I’ve already written up a packing guide for winter in Norway, but now that we can safely say winter is over (though it did snow here last week…) I figured it was time for a summer version of my Norway packing list!
Because while at first I thought packing for winter in Norway was the biggest challenge for visitors, it’s actually quite simple: just pack all the warmest clothes you own. But packing for summer here is a bit more complicated, because you need to be prepared for, well, everything. Did I mention that it snowed here last week?
I’d say there are two rules you need to follow when packing for Norway in the summer:
1. Pack for every kind of weather
Norwegians aren’t joking when they say you can experience all four seasons in a day here, especially in the summertime. So it’s best to be prepared for all weather.
And don’t think just because you’ll be in Southern Norway it will be warm, or in Northern Norway it will be cold – that’s actually not the case at all.
I just checked the weather in a coastal town in Northern Norway today, and it’s 72 degrees (22C). In my town in Southern Norway it’s currently 51 degrees (11C). The reason? I have the worst luck ever. Well, that and I live farther inland (away from the warmth of the Gulf Stream) and at a higher altitude.
2. Don’t trust weather forecasts
Okay, so maybe there’s only one rule for packing for Norwegian summer. The weather here is unpredictable, so come prepared!
I don’t just mean come to Norway prepared – come to every day in Norway prepared. Because while a day might start off sunny it will probably be raining in twenty minutes, then it will be sunny again, and then you’ll go on a hike and it will snow and you’ll get back to your hotel realizing you’re totally sunburnt.
Your Norwegian wardrobe is going to be all about layers. Ideally you want to build up an outfit that will be warm enough for a seriously chilly day, but one that you can also strip down to something appropriate for a hot summer’s day (they do exist in Norway!).
This is especially important if you’ll be hiking up any mountains, as temperatures will drop surprisingly quickly as you make your way up. So while it might be warm and sunny at the start of your hike, still bring enough clothing for a very cold, rainy day, as that might be exactly what you find at the top of the mountain.
Of course it will depend how long you’ll be in Norway for, but I’d bring a couple of tank tops, a few t-shirts, a couple of light cardigans/sweaters, at least one warmer cardigan/sweater (cashmere is my favorite because it’s lightweight, super warm, and doesn’t need to be washed often), and at least one very warm wool sweater from your winter closet.
Definitely bring a waterproof jacket – the Norwegian winds laugh at umbrellas – and if you’re planning on doing some hiking I’d try to bring waterproof trousers as well. If you can, try to get a raincoat that folds up really small, so you can bring it with you everywhere, just in case.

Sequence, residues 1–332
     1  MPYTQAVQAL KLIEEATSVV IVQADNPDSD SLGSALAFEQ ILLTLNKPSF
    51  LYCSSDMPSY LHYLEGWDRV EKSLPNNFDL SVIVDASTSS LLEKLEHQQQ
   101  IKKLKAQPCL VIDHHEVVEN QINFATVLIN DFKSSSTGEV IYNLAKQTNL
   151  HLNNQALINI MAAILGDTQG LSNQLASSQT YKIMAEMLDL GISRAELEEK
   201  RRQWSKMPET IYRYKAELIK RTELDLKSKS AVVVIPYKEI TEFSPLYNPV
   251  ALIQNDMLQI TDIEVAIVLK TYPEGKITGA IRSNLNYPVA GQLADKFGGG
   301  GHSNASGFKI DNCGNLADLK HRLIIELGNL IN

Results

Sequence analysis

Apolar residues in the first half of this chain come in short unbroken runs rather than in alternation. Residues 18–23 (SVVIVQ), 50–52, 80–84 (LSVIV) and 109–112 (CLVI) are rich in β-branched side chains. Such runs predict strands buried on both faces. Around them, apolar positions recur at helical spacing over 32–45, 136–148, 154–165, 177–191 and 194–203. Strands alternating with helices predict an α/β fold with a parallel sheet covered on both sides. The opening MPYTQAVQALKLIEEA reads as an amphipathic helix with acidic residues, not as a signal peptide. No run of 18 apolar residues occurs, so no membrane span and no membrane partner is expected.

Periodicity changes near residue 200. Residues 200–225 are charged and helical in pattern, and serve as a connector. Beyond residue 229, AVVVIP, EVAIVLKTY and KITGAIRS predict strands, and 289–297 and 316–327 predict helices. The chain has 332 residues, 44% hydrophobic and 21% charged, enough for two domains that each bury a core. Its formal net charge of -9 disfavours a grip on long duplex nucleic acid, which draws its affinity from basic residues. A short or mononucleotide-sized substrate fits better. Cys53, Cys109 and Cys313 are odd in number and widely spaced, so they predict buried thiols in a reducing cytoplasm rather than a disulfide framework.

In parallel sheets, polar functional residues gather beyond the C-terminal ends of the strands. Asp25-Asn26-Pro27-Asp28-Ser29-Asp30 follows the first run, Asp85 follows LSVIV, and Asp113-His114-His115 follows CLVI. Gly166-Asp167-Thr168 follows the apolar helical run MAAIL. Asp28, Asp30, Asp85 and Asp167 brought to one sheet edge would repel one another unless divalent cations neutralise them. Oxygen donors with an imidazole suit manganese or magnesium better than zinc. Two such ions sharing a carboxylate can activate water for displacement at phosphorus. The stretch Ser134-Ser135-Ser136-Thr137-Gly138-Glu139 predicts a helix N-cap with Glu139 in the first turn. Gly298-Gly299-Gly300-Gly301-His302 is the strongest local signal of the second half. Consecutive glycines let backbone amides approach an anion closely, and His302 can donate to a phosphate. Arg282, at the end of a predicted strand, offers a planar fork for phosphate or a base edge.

Waterproof hiking boots
I wouldn’t bother bringing rain boots as they weigh a ton and tend not to be super comfortable, but instead I would recommend bringing some comfortable waterproof hiking boots (I have these ones and love them).
I wear mine pretty much everyday in the summer (though I do live in the mountains), and they double up quite nicely as rain boots as well, so I don’t have to worry about walking around on very wet days – something Norway has a lot of.
If you don’t want to wear your hiking boots all the time, bring some lightweight trainers/shoes as well. Personally I never wear sandals in Norway because it’s just too cold and wet.
A lot of people ask me what to wear in Norway to blend in, and I think the answer might be sportswear. At least up in the mountains it seems like people only every wear leggings and sports clothing – we have to be prepared for an impromptu hike!
Of course it depends on what your itinerary looks like, but if you plan on spending a lot of time out in the nature in Norway then you’ll want something suitable for an active day. And please don’t be one of those tourists who hikes up a mountain in jeans – it never ends well.
You might not think it, but thanks to the Gulf Stream the water in Norway can be surprisingly warm.
Okay, “warm” might not be quite the word for it. But it’s definitely possible to swim in the sea and lakes around Norway, and in fact if you meet any Norwegians they will definitely pressure you into going for a dip. Plus, don’t you want to be able to say you’ve gone swimming in a fjord? Bring that swimsuit!
Shorts and sundresses
Yes, Norwegian summer can be quite cold, but it can also be surprisingly hot! So don’t forget some summer clothes. Plus, if you want to fit in with Norwegians, dress like it’s summer even if it feels like late autumn.
I mean, I couldn’t write a Norway packing list without including wool!